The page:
Alaskans pocket over $3,000 in annual oil-wealth payments
ANCHORAGE, Alaska — Nearly every single Alaskan got a financial windfall amounting to more than $3,000 Tuesday, the day the state began distributing payments from Alaska’s investment fund that has been seeded with money from the state’s oil riches.
The payments, officially called the Permanent Fund Dividend or the PFD locally, amounted to $2,622 — the highest amount ever. To help residents with high energy bills, Alaska lawmakers added $662 to their benefits package.
Direct deposits began Tuesday and checks will arrive later for those who have chosen them. Residents use the money in a variety of ways. They can buy big-screen TVs, cars, or other goods. They can also use it to pay for vacations, or put it in savings or college funds. In rural Alaska, the money can help offset the enormous costs of fuel and food, like $14 for a 12-pack of soda, $4 for a celery bunch and $3 for a small container of Greek yogurt. We are experiencing record-breaking inflation. This is the highest level of inflation since 1982,” Gov. Mike Dunleavy spoke in a video. “Alaskans have been bearing the brunt of this inflation from the gas pump to the grocery store, and this year’s PFD will provide much needed relief as we head into winter.”
The timing of the checks couldn’t have come at a better time for those living on the state’s vast western coast, which was devastated last weekend by the remnants of Typhoon Merbok. Damage to homes and infrastructure was widespread along a 1,000 miles (1,609 kilometers) of coastline.
Among the communities experiencing the greatest damage was Nome, the largest city on the coast with about 3,500 residents and known for being the end point of the world’s most famous sled dog race.
Howard Farley, now 90, helped secure Nome as the Iditarod’s finish line over 50 years ago. His century-old home was safe from the storm on high ground in Nome, but they did lose about 100 feet (30. 48 meters) of frontage and one building at the family’s camp site about 5 miles (8 kilometers) east of town.
” The beach is much closer,” he stated.
He said the payments — which would be more than $16,00 for a family of five — are much needed. Even people who didn’t suffer any damage, the inflation up there is really, really affecting us,” he said.
Farley stated that gas is $7 per gallon and will stay that way until next spring’s shipment arrives. This is because barges are unable to deliver after the Bering Sea freezes.
” The price won’t drop like it does in Anchorage or other places, because you guys can get deliveries almost every day,” he stated.
” This will mean that many families can make ends meet with the high prices they’re paying, he stated. The nest-egg investment account’s earnings usually provide the oil-wealth check. Some Alaskans consider it an entitlement. The diversified fund was established during construction of the trans-Alaska pipeline in the 1970s and now is worth $73.6 billion. To qualify for a dividend, there is a yearly application and residency requirements. Dividends were traditionally paid using earnings from Alaska Permanent Fund. 2018 lawmakers began to use fund earnings to help pay for government. They sought to limit the amount that can be taken from earnings for both. This year, the dividend amount is half of the authorized draw.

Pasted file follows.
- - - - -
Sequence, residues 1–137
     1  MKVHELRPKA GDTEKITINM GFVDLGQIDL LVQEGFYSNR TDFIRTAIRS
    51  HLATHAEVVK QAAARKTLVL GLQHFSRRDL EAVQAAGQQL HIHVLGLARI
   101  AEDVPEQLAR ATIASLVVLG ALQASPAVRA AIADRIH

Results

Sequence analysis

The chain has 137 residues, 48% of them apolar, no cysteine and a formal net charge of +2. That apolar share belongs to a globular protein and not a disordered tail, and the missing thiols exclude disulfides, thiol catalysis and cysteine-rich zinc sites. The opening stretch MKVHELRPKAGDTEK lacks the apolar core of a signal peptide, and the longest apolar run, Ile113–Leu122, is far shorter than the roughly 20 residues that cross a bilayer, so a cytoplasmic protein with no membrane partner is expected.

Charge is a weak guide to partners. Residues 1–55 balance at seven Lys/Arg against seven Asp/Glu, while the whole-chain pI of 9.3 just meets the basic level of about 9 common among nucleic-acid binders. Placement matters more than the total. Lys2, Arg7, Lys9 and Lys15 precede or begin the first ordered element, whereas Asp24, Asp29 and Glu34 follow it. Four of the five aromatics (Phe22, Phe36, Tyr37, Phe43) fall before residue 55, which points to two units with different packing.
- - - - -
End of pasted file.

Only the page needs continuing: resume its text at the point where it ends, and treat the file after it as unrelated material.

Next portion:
Residents received the first check, $1,000, in 1982. The amounts have changed over the years and were traditionally calculated using a rolling five-year average to offset economic downturns.
The smallest check ever was $331 in 1983. The largest before this year’s check was $2,072 in 2015. If someone has collected every check since 1982, it would amount to $47,049.
Mildred Jonathan, 74, and her husband, Alfred, 79, live about 100 miles (161 kilometers) west of the Canadian border in the interior Alaska village of Tanacross. They will not spend any frivolous money when they receive their October paper check. The Jonathans will instead purchase firewood as their major purchase.
“The wood I’m hoping to get is $1,600, and it’s a 10-cord load,” she said. “I’ll survive the winter if I buy that.”
Snow was already falling on nearby mountains, and temperatures in the Athabascan village during the winter are typically well below zero. She said, “It’s cold. It’s cold. It’s cold.”
Any money left by the couple will be used to install a hot water system, new flooring in their home, and Christmas gifts for their grandchildren who are looking for new phones.
I have been writing professionally for over 20 years and have a deep understanding of the psychological and emotional elements that affect people. I’m an experienced ghostwriter and editor, as well as an award-winning author of five novels.